After several months of music therapy, the boy asked to sing another song by using the four words “one, two, three, ball game” – words of another favorite song he had learned.

Teaching this young boy to speak through music therapy was an accomplishment that other more conventional therapies couldn’t replicate.

Improving Socio-Behavioral Skills

The book Music and the Mind by Anthony Storr emphasizes the communal and collective properties of music to bring people together – as apparent in cultures all over the world that ritualize singing, dancing, and playing instruments.

The communal aspect of music combined with its regular rhythms and melodies provides a powerful behavioral intervention for autistic children, who tend to escape into themselves, staying withdrawn and isolated.

A trained therapist knows how to draw the withdrawn child first to the instrument, or music, then bridges that connection to the therapist, and the instrument that the therapist plays. Finally, the child connects to other therapy patients and parents. This can take several sessions before the child shows progress. Once bonding with the therapist and others takes place, the therapist then has the opportunity to begin teaching appropriate social skills.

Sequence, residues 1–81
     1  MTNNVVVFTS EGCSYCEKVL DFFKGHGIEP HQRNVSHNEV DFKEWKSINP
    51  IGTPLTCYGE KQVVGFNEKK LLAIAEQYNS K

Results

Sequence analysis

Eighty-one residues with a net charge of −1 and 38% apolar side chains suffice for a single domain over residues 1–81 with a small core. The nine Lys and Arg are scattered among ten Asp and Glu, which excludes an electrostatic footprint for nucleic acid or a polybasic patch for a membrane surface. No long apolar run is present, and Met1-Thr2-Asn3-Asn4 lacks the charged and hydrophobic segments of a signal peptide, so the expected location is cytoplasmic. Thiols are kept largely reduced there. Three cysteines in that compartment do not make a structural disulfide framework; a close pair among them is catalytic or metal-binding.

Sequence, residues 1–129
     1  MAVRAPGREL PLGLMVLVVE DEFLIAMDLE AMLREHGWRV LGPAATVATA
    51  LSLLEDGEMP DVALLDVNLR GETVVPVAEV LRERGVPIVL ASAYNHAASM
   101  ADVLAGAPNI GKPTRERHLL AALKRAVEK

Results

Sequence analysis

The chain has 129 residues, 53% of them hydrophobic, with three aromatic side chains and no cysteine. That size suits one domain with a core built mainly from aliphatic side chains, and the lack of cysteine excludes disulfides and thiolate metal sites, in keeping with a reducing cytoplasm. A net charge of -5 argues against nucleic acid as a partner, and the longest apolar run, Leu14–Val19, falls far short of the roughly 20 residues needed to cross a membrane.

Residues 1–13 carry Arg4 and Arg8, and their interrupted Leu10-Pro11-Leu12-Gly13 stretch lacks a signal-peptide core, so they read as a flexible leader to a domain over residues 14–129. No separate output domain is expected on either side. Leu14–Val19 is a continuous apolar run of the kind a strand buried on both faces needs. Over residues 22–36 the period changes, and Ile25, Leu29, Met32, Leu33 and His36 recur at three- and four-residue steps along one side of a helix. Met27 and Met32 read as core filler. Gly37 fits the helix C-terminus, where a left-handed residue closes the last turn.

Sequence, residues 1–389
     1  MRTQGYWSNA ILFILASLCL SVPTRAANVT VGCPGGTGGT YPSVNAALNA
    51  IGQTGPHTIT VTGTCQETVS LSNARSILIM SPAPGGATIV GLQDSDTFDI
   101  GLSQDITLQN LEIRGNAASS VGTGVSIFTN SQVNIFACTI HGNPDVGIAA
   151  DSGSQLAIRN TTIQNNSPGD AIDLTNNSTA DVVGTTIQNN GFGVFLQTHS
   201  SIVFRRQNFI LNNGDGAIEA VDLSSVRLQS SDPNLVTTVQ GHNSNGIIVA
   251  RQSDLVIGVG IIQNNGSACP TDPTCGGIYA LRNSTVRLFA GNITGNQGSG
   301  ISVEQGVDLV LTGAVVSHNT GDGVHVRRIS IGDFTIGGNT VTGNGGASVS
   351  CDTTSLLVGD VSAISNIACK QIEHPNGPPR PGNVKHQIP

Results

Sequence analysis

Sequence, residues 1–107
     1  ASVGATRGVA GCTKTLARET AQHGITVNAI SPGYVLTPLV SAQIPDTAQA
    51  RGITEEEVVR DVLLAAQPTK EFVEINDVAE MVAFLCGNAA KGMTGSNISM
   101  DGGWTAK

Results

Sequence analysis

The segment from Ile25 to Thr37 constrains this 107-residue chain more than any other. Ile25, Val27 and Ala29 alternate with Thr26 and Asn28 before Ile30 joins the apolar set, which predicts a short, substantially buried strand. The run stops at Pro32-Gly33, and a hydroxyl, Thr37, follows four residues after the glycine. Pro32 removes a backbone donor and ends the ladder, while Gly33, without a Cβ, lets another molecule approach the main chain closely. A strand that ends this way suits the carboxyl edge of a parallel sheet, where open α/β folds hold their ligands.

Socially autistic individuals struggle, but social delays experience some of the most effective outcomes with music therapy interventions.

The article, “Why Does Music Therapy Help in Autism?” published in Empirical Musicology Review stated that introducing a musical “entrainment” intervention for an autistic girl improved her erratic classroom behaviors. In music, entrainment – a process where two rhythmic processes interact and sync together – means brain waves interacting with musical sound waves, matching each others’ frequencies.

So in this case, author Neha Khetraphal of the University of Bielefeld, Germany, said that by using relaxing rhythms, the girl was able to entrain with the rhythms, relax and slow herself down, decreasing her acting out and problematic behaviors.